Search: Production Documents
Newsreel production documents help us to understand how a newsreel story was made: from the initial idea, through filming to the released cut. They reveal how much of what the cameraman shot actually ended up in the story, what elements were censored in wartime and changes made to the commentary in production.
These are the types of documents you'll find online, together with a brief definition and downloadable example.
Occasionally the news editor would give the cameraman a detailed description of what to film. They indicate how pre-planned the news could be, but they are comparatively rare among British newsreels.
Every cameraman had to fill out a form, or dope sheet, recording everything that he had filmed, usually describing it shot by shot. They would often add their own comments, revealing the day to day difficulties of filming the news and views on what they were shooting. In this sense they are eye witnesses of history.
These are shot-by-shot descriptions of the individual news story, with footage lengths for each shot, produced by the Editorial Department.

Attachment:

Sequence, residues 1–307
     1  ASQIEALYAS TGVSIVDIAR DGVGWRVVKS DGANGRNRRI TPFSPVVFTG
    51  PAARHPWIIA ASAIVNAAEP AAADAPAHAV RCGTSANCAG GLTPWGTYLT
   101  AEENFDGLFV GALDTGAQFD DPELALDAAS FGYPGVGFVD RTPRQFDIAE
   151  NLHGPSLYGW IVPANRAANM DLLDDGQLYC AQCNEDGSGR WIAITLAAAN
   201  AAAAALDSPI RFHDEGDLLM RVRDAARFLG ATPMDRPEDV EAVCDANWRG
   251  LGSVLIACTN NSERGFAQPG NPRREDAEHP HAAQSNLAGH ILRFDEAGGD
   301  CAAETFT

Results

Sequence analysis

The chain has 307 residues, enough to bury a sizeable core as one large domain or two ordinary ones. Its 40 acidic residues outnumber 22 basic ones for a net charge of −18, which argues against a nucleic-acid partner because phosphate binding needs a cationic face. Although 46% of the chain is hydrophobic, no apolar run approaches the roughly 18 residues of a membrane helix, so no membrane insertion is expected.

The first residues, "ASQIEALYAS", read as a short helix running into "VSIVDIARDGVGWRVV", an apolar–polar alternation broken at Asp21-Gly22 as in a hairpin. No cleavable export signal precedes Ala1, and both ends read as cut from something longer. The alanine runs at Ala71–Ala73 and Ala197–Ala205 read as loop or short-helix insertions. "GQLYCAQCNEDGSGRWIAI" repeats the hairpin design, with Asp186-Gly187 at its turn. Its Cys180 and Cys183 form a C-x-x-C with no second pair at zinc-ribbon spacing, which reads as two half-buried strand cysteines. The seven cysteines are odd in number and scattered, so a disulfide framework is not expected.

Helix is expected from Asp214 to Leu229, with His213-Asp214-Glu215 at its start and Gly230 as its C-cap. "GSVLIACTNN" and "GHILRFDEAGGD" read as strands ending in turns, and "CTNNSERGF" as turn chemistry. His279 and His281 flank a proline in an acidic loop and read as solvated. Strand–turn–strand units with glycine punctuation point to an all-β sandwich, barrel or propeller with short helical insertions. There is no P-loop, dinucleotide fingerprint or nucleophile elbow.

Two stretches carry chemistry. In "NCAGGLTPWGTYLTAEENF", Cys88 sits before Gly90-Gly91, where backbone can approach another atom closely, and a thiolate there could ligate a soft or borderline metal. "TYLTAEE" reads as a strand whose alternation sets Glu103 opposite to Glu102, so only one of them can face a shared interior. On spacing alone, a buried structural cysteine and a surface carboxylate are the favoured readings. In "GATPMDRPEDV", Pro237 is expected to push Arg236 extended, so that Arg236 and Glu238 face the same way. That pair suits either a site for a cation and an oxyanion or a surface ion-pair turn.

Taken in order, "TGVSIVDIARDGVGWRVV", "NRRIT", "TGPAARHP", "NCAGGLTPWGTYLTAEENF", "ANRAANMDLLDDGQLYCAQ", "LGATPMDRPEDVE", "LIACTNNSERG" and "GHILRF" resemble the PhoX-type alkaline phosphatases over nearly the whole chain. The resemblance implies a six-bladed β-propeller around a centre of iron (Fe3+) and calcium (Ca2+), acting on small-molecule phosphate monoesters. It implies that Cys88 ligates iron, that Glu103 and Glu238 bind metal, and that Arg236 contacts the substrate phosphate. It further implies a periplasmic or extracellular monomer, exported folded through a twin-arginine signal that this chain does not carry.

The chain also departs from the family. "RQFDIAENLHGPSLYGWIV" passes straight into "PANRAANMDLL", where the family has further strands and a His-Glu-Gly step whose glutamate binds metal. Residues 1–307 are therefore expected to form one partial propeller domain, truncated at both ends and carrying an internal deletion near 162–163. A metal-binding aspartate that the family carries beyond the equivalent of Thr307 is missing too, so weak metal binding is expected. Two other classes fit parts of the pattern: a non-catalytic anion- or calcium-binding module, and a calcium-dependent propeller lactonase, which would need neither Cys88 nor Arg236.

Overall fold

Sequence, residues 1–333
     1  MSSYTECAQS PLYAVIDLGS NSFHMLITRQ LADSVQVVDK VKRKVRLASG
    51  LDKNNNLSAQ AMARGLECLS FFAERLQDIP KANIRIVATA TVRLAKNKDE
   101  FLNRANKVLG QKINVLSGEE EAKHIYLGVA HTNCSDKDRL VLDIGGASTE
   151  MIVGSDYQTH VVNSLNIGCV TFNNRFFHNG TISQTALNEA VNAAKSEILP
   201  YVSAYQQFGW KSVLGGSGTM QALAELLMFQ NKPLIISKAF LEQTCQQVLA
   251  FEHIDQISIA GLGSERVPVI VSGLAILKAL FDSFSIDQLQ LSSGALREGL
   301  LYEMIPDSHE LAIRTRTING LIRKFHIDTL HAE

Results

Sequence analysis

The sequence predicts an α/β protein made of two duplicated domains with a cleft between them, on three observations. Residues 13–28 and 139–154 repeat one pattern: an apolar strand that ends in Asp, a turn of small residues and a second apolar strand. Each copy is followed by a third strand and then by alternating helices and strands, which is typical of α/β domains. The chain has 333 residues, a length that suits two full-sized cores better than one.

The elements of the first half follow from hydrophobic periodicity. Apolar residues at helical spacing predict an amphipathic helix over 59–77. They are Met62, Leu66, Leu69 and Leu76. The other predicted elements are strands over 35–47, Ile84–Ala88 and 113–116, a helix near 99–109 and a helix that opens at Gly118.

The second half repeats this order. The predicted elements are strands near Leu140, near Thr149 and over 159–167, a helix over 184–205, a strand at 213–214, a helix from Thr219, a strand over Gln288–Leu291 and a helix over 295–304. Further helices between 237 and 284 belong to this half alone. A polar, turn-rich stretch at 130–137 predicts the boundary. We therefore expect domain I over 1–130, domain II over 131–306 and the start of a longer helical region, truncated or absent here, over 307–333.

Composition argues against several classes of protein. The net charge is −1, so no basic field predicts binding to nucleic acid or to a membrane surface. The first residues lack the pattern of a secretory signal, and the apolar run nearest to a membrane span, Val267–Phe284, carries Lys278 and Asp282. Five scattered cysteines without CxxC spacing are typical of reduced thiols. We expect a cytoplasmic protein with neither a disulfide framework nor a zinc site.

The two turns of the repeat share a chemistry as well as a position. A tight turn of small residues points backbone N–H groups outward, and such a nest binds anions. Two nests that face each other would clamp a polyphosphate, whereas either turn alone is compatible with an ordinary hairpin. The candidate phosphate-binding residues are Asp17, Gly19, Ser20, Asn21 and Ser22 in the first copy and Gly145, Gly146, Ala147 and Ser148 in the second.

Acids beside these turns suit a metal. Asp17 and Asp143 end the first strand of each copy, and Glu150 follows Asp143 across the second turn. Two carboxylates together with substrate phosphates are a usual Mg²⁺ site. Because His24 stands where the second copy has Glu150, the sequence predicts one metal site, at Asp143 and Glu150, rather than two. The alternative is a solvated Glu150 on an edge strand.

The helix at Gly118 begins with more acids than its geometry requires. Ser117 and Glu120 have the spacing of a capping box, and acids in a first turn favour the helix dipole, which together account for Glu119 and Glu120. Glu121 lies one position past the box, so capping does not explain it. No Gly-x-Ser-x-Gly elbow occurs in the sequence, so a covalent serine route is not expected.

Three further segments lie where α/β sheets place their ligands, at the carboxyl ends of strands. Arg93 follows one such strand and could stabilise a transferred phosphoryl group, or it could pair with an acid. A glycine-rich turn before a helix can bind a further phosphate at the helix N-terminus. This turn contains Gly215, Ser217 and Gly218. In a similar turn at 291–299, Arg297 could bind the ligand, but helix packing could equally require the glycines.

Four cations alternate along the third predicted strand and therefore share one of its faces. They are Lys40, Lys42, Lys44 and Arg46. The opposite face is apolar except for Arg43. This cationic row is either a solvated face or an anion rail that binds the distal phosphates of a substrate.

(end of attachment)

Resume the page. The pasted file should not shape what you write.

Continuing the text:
The commentator's script, often with hand-written additions and deletions. Commentaries are vital in the assessment of how each newsreel company interpreted its material. This in turn will help us decide the degree to which they informed or moulded opinion, obscured or misled or propagandised.
Souvenir Programmes and Ephemera
Cameramen would often pick up an assortment of publications to provide supporting information to the news story: newspaper clippings, sports programmes, exhibition programmes, promotional leaflets are just a few examples. These might inform how the cameraman filmed the story and would later help the editorial department identify names and places. A selection of specially cleared souvenir programmes can be found through the Souvenir Programme Map.
Issue Sheets (not published online)
Most of the metadata in the News on Screen database has been inputted from issue sheets, which recorded the details of each bi-weekly newsreel release. They listed the release date, overall issue number and each story title, often with a short synopsis. Some newsreel companies also included individual library numbers for stories, their length in feet of 35mm film, and the names of the cameramen.